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Effortless Elixir Releases and Deployment (alchemist.camp)
127 points by AlchemistCamp 66 days ago | hide | past | web | favorite | 28 comments

This is really great to see that at least some people have found my tutorial useful!

It's also interesting to see how much traffic being on the front of HN sends. So far it hasn't broken 200 requests in a minute (https://pbs.twimg.com/media/ECJVktXUEAE9kVN?format=jpg&name=...)

This is about 1/100th the traffic I load tested it to handle on a $5 Digital Ocean droplet (which I later upgraded to $10 due to TypeScript compilation using too much memory a different project).

Also, I completely forgot to set up any caching or any rate limiting on "articles" which are a new kind of thing on my site. Of course, it could easily be taken down with a DDOS.

But in the big scheme of things, this validates my belief that most people (including me) spend way too much time worrying about scalability in early stage projects!

You can save back your 5$/month by increasing your machine’s swap space. I did the same when more memory was only required for compiling.


Does anyone know how accurate their warning about swap space on an SSD is? I know SSDs have limited reads and writes and swapping to them obviously uses those limited reads/writes, but how much of a concern actually is it? Especially if you're only using swap during the compile/deploy step?

As soon as you hit some kind of limit it will abort the process and output the error. So you will be notified about it and it wont go unnoticed. And if you only use it during compile and deploy then you are at no risk :)

(ps: bad grammar, on mobile)

another option is to take advantage of Gitlab's shared CI runners for small side projects

I do use Gitlab CI/CD for most my projects! It's great. I still build on the droplet after it passes, though.

I’m primarily a React / Node dev, but I’ve been thinking about picking up another language and framework for a while. I feel like Node / Express is great, but I also sometimes feel like it’s not a proper framework, in that you end up assembling a lot of code by hand (ex: auth, data modeling) and after a few projects it’s tedious. Also, Node only offers concurrency as an unnatural afterthought...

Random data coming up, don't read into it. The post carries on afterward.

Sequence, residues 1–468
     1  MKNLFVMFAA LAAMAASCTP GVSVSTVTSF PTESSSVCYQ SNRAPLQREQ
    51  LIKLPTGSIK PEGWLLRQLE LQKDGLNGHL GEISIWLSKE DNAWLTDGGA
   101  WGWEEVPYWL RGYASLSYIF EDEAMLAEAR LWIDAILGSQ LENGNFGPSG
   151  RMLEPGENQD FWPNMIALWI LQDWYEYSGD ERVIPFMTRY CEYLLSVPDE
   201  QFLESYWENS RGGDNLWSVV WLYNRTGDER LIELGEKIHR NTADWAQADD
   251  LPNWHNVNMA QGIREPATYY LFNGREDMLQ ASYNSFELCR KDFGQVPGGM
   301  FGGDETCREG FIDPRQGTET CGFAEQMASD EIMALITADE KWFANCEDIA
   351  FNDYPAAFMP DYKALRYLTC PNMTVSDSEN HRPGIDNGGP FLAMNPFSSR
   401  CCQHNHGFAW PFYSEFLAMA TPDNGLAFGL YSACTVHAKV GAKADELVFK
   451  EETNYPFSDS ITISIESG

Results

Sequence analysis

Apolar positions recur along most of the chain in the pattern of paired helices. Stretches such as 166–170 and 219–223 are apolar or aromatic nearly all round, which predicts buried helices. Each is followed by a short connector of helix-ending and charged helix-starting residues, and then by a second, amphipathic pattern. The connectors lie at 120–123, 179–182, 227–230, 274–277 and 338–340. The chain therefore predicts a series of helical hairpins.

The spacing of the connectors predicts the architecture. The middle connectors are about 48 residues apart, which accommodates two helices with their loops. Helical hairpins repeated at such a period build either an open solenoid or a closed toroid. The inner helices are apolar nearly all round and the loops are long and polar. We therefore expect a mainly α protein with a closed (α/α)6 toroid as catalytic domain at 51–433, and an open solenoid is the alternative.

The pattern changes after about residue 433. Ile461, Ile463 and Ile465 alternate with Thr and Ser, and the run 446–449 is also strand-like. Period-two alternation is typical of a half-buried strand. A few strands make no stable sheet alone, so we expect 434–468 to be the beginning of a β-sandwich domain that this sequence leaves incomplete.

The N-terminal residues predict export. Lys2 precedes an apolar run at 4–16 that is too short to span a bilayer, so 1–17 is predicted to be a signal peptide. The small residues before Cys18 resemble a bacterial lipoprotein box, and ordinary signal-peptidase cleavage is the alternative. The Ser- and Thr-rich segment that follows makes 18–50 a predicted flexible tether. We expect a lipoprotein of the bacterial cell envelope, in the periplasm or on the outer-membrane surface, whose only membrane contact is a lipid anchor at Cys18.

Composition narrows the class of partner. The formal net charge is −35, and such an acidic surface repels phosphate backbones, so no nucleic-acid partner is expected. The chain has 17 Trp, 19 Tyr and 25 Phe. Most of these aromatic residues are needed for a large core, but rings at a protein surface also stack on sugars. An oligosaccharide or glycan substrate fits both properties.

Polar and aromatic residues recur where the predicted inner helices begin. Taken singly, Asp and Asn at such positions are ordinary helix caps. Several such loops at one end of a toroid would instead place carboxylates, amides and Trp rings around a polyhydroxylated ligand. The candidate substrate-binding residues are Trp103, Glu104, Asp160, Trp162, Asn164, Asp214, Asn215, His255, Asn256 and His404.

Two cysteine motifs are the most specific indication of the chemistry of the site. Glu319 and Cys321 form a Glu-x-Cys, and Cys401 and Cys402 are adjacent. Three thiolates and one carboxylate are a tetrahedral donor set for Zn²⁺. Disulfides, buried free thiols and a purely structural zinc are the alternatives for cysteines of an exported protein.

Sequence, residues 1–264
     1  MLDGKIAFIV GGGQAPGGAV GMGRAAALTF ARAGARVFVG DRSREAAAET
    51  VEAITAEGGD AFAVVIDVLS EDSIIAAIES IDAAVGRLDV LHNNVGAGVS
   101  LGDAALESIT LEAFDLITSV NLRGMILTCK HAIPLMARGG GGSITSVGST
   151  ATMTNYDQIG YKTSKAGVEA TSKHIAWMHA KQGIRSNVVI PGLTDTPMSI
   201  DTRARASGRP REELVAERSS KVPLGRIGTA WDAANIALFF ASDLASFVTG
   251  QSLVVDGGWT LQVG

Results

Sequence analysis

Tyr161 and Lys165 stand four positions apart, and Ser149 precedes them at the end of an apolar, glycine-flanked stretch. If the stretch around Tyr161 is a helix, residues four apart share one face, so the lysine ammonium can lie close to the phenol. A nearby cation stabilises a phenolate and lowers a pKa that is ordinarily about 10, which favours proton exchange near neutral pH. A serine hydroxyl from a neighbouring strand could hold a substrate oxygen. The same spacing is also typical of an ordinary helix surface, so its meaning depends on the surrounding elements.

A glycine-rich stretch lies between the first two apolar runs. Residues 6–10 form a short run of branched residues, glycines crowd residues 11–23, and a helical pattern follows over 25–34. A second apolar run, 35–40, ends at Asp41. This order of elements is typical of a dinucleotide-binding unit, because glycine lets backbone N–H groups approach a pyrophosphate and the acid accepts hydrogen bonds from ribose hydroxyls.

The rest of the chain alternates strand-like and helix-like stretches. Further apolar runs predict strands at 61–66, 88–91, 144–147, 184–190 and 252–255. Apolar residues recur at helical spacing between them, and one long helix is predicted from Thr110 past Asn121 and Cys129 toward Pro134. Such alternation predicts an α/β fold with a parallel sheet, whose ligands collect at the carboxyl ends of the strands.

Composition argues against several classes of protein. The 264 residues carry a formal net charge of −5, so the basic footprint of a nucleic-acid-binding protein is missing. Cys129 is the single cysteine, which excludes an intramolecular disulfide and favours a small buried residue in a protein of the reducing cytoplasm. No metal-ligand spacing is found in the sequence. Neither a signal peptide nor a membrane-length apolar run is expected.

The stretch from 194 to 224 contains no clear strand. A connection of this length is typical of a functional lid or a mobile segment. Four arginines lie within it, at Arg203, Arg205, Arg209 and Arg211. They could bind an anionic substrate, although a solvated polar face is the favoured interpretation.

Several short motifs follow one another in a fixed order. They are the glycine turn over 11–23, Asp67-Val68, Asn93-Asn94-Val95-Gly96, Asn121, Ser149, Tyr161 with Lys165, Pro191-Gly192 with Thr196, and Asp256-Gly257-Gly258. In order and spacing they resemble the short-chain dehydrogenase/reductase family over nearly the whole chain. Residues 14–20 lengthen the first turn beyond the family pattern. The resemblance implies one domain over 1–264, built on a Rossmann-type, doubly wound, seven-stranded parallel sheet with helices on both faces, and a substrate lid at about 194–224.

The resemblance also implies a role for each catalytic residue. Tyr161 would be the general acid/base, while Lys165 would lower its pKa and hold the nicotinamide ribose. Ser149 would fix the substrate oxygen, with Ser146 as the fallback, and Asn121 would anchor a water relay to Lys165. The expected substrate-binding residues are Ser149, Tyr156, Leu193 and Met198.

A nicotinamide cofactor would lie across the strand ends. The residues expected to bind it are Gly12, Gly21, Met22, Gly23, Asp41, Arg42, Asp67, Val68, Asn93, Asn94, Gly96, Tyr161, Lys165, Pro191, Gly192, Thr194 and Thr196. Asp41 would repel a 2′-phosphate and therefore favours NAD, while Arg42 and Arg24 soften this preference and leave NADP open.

I’ve dabbled in Django and it seems to solve some of those problems, but I also feel like web programming in an OO dynamic scripting language isn’t that far away from doing it in JS so I might as well learn something mind-blowingly new...

I’ve been exposed to functional programming in OCaml in a rigorous college course and absolutely loved it, how would you guys rate learning Phoenix + Elixir in my case?

I think you're right to explore something else and I'm not aware of anything better than Elixir/Phoenix in the Web Framework world currently. It's incredibly well thought out and an absolute joy to use once you get through the initial learning curve.

I spent many years doing Python before getting talked into learning Clojure and it was incredibly eye-opening and made me a much better developer, so there is no bigger partisan than me for trying something completely different to your current skill-set. Give it a go!

why is elxir/phoenix better than clojure/luminus?

They a pretty comparable, I think the reason elixir is gaining more popularity, is mainly due to it looking like ruby rather than lisp. Also, I personally feel like the BEAM is better for handling concurrency than the JVM.

You'd probably pick it up pretty quickly.

I learned Phoenix + Elixir not too long ago and I felt quite productive with it after a few weeks with no formal functional programming experience. I started building a non-trivial app right from the start.